Carole Mortimer: In praise of natives [H&H VIP]

  • “Will Britain ever breed top dressage horses?” ran a cover line of the H&H sport horse special in 2003. The answer, just 11 years on, is yes.

    Congratulations to Jon and Julie Deverill of the Half Moon Stud, who bred Half Moon Delphi. The horse, in 16th place, is I believe the highest ranked British-bred dressage horse since the World Breeding Federation Sport Horse (WBFSH) rankings were initiated.

    In fact, the Dimaggio daughter — who won British team silver at the World Equestrian Games (WEG) with Michael Eilberg — was already born when the feature was written. And there is no reason to doubt she will be a one-off.

    The signs are that more will soon join her in gracing the top echelons of the dressage rankings. Of course, Delphi is of German bloodlines put together in the UK by two astute breeders who invested in proven European bloodlines.

    I include the owners of Dimaggio, who had the foresight to purchase the stallion as a two-year-old from Germany. He has since become an influential sire in the UK and his home country.

    Cob stallion a web sensation

    Meanwhile in America, a horse of very British bloodlines has hit the dressage headlines winning
    a grand prix freestyle.

    The winning routine of the American-bred Welsh cob stallion, North Forks Brenin Cardi (pictured), has proved a huge internet hit, perhaps because he is an unlikely grand prix candidate in today’s dressage world of warmbloods.

    Both Delphi and Cardi’s achievements have been made possible for various reasons, not least the globalisation and growth of breeding and the sport of dressage, as well as access to better training.

    Cardi’s success shows what can be achieved with a horse that has correct paces, an amenable temperament and, importantly, correct training.

    Many native breeds or crosses certainly have the first two and, for many of us of a certain age, British natives, thoroughbreds and their crosses competing in dressage is nothing new.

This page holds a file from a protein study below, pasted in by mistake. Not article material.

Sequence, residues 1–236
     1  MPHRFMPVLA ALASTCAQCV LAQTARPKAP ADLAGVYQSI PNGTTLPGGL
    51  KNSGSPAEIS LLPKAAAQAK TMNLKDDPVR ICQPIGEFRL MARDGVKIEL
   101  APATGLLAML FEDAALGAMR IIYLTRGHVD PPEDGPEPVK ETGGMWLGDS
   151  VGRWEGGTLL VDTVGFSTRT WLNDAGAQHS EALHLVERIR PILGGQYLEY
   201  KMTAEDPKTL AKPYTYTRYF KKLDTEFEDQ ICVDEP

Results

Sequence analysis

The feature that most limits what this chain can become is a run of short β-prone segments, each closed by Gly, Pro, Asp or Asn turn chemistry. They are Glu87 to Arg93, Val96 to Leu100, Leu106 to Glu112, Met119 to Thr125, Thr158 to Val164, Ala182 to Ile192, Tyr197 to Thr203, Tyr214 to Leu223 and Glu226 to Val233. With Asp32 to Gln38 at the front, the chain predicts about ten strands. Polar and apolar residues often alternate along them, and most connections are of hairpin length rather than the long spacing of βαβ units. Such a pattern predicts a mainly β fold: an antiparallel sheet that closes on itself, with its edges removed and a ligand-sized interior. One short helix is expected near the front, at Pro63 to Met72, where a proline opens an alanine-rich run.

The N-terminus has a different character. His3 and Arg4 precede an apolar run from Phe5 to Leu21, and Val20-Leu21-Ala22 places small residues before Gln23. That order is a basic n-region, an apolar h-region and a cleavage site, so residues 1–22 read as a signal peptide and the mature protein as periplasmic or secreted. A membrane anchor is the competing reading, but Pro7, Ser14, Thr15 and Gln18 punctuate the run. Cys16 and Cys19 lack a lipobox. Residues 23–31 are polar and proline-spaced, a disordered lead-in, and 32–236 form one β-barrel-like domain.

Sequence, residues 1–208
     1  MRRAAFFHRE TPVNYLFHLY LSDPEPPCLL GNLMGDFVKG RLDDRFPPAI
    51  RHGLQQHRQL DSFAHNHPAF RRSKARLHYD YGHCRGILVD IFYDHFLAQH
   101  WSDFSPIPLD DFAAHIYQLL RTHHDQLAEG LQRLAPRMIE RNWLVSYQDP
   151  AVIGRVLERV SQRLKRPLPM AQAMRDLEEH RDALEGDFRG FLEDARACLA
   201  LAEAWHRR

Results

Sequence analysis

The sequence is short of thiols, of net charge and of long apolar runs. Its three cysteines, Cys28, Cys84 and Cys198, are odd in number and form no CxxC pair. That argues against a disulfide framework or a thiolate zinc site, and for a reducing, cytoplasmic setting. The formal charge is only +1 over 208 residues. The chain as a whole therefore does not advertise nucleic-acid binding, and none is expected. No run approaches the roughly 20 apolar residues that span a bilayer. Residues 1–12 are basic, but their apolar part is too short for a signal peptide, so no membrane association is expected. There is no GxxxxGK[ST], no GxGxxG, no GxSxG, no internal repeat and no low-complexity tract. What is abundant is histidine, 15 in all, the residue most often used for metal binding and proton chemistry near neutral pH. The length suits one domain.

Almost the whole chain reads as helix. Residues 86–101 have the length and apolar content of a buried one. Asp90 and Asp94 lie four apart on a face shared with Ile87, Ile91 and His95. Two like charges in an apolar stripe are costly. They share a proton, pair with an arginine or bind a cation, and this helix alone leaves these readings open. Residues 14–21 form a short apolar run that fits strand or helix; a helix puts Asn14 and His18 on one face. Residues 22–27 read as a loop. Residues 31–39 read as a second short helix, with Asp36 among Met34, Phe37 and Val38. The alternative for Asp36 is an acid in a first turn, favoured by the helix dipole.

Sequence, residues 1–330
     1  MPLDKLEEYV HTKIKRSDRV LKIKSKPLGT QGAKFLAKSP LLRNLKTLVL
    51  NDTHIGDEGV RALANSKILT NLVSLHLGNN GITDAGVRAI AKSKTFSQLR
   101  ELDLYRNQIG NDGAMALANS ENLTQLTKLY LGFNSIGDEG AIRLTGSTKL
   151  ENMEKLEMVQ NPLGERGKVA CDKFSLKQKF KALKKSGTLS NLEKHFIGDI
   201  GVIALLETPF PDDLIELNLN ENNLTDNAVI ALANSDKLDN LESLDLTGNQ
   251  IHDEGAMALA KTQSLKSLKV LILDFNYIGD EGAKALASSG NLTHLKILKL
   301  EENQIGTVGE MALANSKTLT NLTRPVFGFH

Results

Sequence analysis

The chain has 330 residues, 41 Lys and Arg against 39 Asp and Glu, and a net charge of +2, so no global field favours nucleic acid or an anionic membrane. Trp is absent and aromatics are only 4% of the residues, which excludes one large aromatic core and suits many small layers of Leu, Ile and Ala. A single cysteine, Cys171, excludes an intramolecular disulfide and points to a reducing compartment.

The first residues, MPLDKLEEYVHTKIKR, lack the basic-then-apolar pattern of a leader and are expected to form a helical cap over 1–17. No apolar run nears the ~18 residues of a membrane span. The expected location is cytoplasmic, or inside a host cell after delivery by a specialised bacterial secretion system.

Performance natives

    Prior to the arrival of warmbloods in the UK in the 1980s, these horses were what we bred and competed on.

    Britain’s first Olympic dressage riders Brenda Williams and Lorna Johnstone competed on thoroughbreds; in 1961 Brenda was third in Aachen on the part-Connemara Little Model (behind the 1960 Olympic champion and German champion). At the 1972 Olympics, Lorna and her former winning hurdler, El Farruco, were 12th overall (out of 33 riders). In the 1980s the backbone of our team was thoroughbreds and Anglo Arabs.

    More recently, Shire-thoroughbred crosses have competed at grand prix. In New Zealand this year, former British trainer and rider Bill Noble won the New Zealand dressage horse of the year at grand prix with a Clydesdale-thoroughbred cross.

    Let’s not pretend that most thoroughbreds or native breeds will beat top dressage-bred horses such as Half Moon Delphi — and yes, the class North Forks Brenin Cardi won was small. That is not to denigrate his achievement. Far from it. His result should serve to inspire, especially those British riders who have a British native or part-bred.

    Many believe that dressage requires a horse of European bloodlines. That may be so for aspiring team members. But most riders do not compete beyond medium level, well within the capabilities of well- trained British breeds. Give me a first-rate, tough, sensible, British native or cross any day over a second-rate imported warmblood.

    Ref: H&H Thursday 5 December, 2014